There’s another angle, which I’ve only started to hear addressed in the news. The other part of pension reform requires people to work longer. The official age now is 62, with a bunch of exceptions. This age will go up progressively over time, until, for those born in 1965, it will be 64. There are more details, but that’s what the strikes are about and things keep changing, so we’ll not wade into the weeds just yet.“Âge pivot,” “régle d’or,” “bonus-malus” and points aside, the bigger issue is that it’s all fine and dandy to say that if we live longer we need to work longer…but work where? Just try to find a job after age 45. And it gets worse with age. Job postings for “senior” positions ask for advanced degrees and five to seven years of experience. Senior after five years? It seems to be code for “older workers need not apply.” Especially when nearly all job applications start with an online form. Plenty of older candidates just drop off earlier experience, but if you’ve spent a decade at a job, how do you shorten it to that five-to-seven-year window? Meanwhile, employers can simply filter for only candidates with the correct number of years of experience. That isn’t age discriminiation, is it? Nothing was said about age. It’s just an unbiased algorithm. (I hope you hear the sarcasm dripping here.)Increasingly, friends and acquaintances on both sides of the Atlantic are confiding their worries about whether they’ll be able to stay employed until they can reach retirement age. I certainly know many, many talented, hard-working people who have been laid off in recent years, in their mid-50s. These are mostly in the U.S., and the U.S. comes up often in conversations with French friends as the nightmare scenario—the older people working in Amazon warehouses because they don’t have a pension and can’t get a job anywhere else. Or the greeters at Wal-Mart.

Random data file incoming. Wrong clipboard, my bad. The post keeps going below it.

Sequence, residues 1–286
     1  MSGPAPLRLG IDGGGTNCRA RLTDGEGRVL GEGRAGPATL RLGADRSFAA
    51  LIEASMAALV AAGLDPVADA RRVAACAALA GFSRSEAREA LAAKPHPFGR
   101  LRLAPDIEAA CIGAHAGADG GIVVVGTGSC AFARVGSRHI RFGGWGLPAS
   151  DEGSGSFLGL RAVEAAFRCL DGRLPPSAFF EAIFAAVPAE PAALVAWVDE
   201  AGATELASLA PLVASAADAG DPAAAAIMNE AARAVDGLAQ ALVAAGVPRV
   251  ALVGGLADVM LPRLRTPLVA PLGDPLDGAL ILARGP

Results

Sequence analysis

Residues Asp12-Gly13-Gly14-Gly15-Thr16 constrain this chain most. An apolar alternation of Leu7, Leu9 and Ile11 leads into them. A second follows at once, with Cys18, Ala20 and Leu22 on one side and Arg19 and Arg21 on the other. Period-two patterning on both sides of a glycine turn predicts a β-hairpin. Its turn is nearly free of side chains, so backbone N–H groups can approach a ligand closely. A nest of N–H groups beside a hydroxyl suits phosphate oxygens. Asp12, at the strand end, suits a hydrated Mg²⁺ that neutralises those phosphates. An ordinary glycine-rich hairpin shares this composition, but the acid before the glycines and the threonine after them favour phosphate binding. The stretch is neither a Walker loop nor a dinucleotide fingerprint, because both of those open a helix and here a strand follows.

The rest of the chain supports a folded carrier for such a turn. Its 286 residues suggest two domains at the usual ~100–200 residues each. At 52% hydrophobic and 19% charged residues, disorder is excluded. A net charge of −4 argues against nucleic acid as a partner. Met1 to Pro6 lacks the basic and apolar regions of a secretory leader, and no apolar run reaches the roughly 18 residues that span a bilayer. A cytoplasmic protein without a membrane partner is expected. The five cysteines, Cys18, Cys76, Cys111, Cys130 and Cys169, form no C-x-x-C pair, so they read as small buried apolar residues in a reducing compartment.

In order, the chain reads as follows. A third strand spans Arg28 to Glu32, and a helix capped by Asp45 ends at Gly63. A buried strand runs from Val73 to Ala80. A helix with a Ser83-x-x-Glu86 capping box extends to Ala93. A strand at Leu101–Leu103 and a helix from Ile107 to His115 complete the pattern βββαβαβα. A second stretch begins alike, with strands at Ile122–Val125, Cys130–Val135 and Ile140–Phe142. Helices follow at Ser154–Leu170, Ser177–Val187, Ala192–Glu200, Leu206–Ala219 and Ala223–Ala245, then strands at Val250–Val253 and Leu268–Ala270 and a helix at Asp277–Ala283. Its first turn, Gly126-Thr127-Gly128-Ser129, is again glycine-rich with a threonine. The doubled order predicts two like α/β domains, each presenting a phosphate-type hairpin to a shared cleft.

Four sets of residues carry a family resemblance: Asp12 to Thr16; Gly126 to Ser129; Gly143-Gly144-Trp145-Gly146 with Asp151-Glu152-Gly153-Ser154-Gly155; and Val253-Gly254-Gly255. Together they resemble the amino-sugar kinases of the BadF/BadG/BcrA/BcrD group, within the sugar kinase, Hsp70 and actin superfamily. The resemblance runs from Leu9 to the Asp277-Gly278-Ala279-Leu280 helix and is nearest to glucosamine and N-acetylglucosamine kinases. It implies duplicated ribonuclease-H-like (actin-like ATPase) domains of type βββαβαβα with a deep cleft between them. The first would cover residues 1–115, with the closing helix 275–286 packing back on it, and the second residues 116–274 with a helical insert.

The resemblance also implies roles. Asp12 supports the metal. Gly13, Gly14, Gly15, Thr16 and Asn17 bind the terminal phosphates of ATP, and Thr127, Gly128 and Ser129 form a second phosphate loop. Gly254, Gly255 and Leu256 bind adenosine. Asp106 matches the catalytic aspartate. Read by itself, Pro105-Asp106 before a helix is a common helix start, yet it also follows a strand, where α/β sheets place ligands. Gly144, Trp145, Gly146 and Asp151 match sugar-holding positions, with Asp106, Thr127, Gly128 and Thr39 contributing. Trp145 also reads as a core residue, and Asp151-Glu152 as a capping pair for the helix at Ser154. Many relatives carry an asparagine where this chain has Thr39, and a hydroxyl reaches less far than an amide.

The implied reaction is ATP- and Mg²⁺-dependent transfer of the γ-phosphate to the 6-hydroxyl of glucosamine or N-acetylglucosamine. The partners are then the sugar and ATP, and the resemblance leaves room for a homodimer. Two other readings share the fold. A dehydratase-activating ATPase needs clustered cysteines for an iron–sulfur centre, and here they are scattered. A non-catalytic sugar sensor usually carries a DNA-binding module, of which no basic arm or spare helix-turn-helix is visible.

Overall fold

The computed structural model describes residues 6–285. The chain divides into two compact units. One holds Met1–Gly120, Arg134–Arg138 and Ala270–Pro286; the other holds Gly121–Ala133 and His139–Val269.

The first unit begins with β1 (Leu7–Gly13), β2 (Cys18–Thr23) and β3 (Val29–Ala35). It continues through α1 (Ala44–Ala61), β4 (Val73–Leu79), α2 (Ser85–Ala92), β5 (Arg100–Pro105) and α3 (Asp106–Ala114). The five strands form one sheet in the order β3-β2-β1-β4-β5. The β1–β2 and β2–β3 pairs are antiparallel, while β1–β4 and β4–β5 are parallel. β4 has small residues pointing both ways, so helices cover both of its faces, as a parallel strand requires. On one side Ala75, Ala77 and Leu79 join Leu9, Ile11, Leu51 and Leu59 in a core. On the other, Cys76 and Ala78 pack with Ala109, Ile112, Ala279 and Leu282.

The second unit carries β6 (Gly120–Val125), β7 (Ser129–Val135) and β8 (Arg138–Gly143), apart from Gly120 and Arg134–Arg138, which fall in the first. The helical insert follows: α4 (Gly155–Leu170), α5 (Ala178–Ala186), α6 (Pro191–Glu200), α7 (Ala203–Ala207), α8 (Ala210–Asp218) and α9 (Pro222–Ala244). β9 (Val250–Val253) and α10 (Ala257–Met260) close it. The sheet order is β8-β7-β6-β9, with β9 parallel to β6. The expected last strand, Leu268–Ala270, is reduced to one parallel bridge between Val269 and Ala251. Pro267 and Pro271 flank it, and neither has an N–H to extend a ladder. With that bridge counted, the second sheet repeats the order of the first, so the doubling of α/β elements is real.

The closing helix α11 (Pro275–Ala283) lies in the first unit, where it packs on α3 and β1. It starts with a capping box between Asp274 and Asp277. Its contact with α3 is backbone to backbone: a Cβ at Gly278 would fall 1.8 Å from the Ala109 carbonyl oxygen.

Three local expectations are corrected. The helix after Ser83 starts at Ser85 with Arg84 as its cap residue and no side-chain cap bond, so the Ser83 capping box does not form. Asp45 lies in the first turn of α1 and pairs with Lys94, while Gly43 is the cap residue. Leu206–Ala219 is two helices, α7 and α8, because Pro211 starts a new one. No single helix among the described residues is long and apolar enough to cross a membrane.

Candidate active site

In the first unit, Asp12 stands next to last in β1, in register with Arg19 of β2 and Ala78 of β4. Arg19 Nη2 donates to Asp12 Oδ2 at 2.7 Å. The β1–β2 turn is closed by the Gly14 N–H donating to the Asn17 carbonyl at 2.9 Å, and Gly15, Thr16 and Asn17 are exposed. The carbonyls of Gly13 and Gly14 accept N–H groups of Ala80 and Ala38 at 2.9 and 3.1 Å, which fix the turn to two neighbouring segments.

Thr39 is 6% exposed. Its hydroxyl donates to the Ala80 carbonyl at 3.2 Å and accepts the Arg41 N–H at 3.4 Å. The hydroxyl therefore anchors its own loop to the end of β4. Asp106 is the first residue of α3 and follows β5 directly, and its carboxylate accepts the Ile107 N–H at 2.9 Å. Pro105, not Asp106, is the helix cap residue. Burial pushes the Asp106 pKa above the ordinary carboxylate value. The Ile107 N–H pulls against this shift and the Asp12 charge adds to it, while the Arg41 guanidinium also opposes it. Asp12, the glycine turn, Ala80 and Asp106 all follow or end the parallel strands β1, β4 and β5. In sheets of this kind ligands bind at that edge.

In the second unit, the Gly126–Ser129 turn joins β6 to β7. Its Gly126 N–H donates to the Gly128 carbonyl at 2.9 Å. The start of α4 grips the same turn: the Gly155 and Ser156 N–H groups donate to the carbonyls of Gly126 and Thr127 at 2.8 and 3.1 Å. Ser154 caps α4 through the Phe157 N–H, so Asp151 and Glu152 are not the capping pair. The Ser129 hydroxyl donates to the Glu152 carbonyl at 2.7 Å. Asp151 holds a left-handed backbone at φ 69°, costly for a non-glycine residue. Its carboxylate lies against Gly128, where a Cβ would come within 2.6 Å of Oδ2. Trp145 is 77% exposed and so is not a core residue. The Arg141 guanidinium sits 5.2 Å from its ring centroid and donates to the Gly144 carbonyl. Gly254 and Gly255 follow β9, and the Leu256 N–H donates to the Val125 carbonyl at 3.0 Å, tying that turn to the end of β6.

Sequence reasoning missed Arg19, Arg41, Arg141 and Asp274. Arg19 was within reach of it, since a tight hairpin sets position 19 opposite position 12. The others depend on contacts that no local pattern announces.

Now there’s more talk about how to keep French workers trained or retrained, even after age 50. Clearly there will have to be a mind shift. Older workers might not be on top of the latest technology because after you’ve switched and upgraded and switched and upgraded, at a certain point you just want the damn stuff to work and not require new ways to get to the same old stuff. Older people are slower, younger ones complain, and studies show that may be the case, but they tend to have better strategies that allow them to outperform their faster and younger co-workers. Overall, productivity and reliability are more consistent in older workers.Separately, I almost literally ran into a lady yesterday while I was out jogging. She informed me she is 89 years old (immediately–it was “Bonjour! I’m 89!”). Just adorable. Tiny. Walking nice and straight. We chatted a while and I told her she was my role model–being healthy and active for a whole life. My 30-day challenge is going along bumpily. I still haven’t dared a cartwheel, and I meditated but once, but otherwise I am more or less sticking with it. Some days are better than others. I never manage to do all the things. Not yet anyway. BTW, two people gave me very similar advice about meditation: just lie still and breathe. Let the mind shut down. It will get easier over time. My first (and best) yoga teacher used to have us do this, in the “corpse” position, without all the New Age blah blah. Just quiet. It was very soothing and afterward I felt at first disoriented, being so incredibly relaxed, but then reinvigorated.
Please do share your thoughts about planned obsolescence of appliances and humans, as well as your stories about progress on your own New Year’s resolutions.